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Signs You Need to Replace a Filling

Many of us have dental fillings in our smiles already. Dentists will give a patient a filling as part of treatment for a cavity. The dentist will remove decayed, damaged parts of a tooth and restore its structure with the filling.

The composite resin material of the filling blends beautifully into your tooth color for a natural finish. It is also durable, restoring oral function, and it creates a seal to prevent further harm to the tooth. However, the filling will wear down naturally over time. The treatment will not last forever, and you will eventually need a dentist to replace the worn dental filling.

Your dentist can evaluate the state of your filling during a routine check-up. But you can get a sense that you must get a new filling. Read on to find three symptoms you might notice if you need to replace an old dental filling.

Signs You Need to Replace a Filling

Tooth Sensitivity

A dental filling fills the hole in the surface of the tooth where a dentist has removed decayed enamel. The seal that the filling creates over the hole will shield the vulnerable inner layers of the tooth that would otherwise be exposed. The inner dentin layer contains nerves that will transmit pain signals to the brain if stimulated.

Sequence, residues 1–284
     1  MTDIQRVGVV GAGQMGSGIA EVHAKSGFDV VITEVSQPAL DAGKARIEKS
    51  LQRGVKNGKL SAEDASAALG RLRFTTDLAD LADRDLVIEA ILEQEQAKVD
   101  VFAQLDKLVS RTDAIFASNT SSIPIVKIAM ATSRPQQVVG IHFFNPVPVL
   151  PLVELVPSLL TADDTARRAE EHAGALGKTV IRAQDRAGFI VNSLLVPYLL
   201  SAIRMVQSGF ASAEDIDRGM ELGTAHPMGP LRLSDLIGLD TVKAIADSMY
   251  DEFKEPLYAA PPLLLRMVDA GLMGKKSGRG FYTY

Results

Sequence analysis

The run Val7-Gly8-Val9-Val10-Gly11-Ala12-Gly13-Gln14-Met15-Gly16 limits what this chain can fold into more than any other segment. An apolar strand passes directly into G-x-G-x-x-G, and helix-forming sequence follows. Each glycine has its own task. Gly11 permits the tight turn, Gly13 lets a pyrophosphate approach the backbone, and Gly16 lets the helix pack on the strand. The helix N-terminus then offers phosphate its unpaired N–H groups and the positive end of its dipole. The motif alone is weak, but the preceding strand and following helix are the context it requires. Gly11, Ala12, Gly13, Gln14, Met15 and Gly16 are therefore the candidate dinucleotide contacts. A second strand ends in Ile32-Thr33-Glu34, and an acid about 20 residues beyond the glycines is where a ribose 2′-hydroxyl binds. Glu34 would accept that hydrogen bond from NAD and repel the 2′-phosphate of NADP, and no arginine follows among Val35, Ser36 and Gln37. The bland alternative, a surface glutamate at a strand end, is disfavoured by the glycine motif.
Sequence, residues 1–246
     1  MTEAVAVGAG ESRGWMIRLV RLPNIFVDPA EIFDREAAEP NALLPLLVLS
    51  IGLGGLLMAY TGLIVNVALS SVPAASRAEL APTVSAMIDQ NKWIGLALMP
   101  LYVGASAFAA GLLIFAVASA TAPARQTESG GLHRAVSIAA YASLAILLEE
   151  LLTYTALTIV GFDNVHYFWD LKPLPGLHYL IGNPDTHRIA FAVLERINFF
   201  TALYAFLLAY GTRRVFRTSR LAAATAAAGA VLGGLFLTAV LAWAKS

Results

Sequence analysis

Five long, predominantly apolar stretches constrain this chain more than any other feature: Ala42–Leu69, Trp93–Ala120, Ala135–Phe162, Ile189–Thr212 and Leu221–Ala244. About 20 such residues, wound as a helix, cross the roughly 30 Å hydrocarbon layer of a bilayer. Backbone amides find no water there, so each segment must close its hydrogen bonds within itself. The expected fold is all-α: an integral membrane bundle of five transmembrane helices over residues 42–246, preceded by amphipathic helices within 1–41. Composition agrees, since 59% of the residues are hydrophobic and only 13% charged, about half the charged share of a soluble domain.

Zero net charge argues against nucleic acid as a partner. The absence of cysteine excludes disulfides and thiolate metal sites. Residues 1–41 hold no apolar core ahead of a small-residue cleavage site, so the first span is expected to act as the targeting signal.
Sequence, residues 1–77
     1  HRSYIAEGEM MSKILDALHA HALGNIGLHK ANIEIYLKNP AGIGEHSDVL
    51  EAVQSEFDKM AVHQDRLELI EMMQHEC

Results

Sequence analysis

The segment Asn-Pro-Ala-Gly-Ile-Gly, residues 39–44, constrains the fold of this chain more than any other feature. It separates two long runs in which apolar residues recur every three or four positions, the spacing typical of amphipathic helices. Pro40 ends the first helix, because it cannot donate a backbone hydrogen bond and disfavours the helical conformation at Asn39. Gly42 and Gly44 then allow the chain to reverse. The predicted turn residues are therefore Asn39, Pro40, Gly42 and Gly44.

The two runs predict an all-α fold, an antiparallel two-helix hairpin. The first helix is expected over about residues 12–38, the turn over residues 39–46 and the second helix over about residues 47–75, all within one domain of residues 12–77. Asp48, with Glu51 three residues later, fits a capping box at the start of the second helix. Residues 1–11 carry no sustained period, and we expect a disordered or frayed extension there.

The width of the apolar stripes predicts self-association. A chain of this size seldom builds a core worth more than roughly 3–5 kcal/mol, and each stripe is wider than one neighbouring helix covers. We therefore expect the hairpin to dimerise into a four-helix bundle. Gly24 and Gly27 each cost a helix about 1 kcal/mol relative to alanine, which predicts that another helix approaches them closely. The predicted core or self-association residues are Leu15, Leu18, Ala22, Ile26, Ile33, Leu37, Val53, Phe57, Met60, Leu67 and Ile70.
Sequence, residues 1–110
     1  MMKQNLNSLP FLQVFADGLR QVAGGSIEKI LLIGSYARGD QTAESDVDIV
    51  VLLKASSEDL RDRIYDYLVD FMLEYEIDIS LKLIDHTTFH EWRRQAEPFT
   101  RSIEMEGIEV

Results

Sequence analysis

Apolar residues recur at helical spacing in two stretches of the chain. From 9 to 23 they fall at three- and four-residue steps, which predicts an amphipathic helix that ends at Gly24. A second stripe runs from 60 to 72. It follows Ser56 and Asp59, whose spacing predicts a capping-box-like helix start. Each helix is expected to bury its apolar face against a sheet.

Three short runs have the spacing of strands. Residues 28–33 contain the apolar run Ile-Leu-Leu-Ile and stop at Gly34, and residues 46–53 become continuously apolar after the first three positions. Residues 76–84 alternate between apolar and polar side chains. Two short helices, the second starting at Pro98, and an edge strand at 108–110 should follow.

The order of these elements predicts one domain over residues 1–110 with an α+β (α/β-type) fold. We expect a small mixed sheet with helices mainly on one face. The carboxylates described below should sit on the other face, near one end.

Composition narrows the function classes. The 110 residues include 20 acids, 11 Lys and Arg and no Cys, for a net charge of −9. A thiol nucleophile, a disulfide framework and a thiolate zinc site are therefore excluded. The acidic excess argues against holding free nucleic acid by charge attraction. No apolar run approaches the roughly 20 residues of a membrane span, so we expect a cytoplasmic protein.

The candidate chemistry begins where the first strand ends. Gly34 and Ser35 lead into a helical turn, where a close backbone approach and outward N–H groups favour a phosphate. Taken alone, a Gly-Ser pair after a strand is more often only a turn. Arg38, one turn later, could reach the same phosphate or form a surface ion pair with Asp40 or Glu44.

So if you bite into food and feel a sharp pain, this means that the nerves are exposed once again in the tooth. The tooth sensitivity pain, though intermittent, should not be ignored. This means that the filling is no longer doing its job to protect the tooth, and you will need a new one.

Pain of any kind is abnormal, and if you feel other types of pain, including a dull, constant ache, this may also indicate damage to your existing filling. Contact your dentist right away if you notice oral pain.

Changes in Tooth’s Appearance

You can also notice visible changes in your tooth or dental filling if the dental work requires replacement. For instance, dental discoloration might occur around the filling if it has worn down.

Dark brown or black spots on the tooth may indicate new decay. If you form a new cavity, this recurrent decay means bacteria can access the vulnerable part of your tooth due to an inefficient filling.

Filling Feels Damaged

If the dental filling feels different or damaged, it probably has sustained damage and now needs replacement. The dentist polishes the filling to fit the unique shape of your tooth and not disrupt your bite. So you can expect a smooth finish over the cusp of the tooth.

If you can feel a sharp edge to the filling when you run your tongue over it, then you should visit your dentist for an oral exam. You should do so if the filling feels loose in its place in the mouth as well.

An old filling might also manifest by feeling like a strange pressure when you chew. Give your dentist a call if you recognize changes or problems with your dental work to protect your oral health.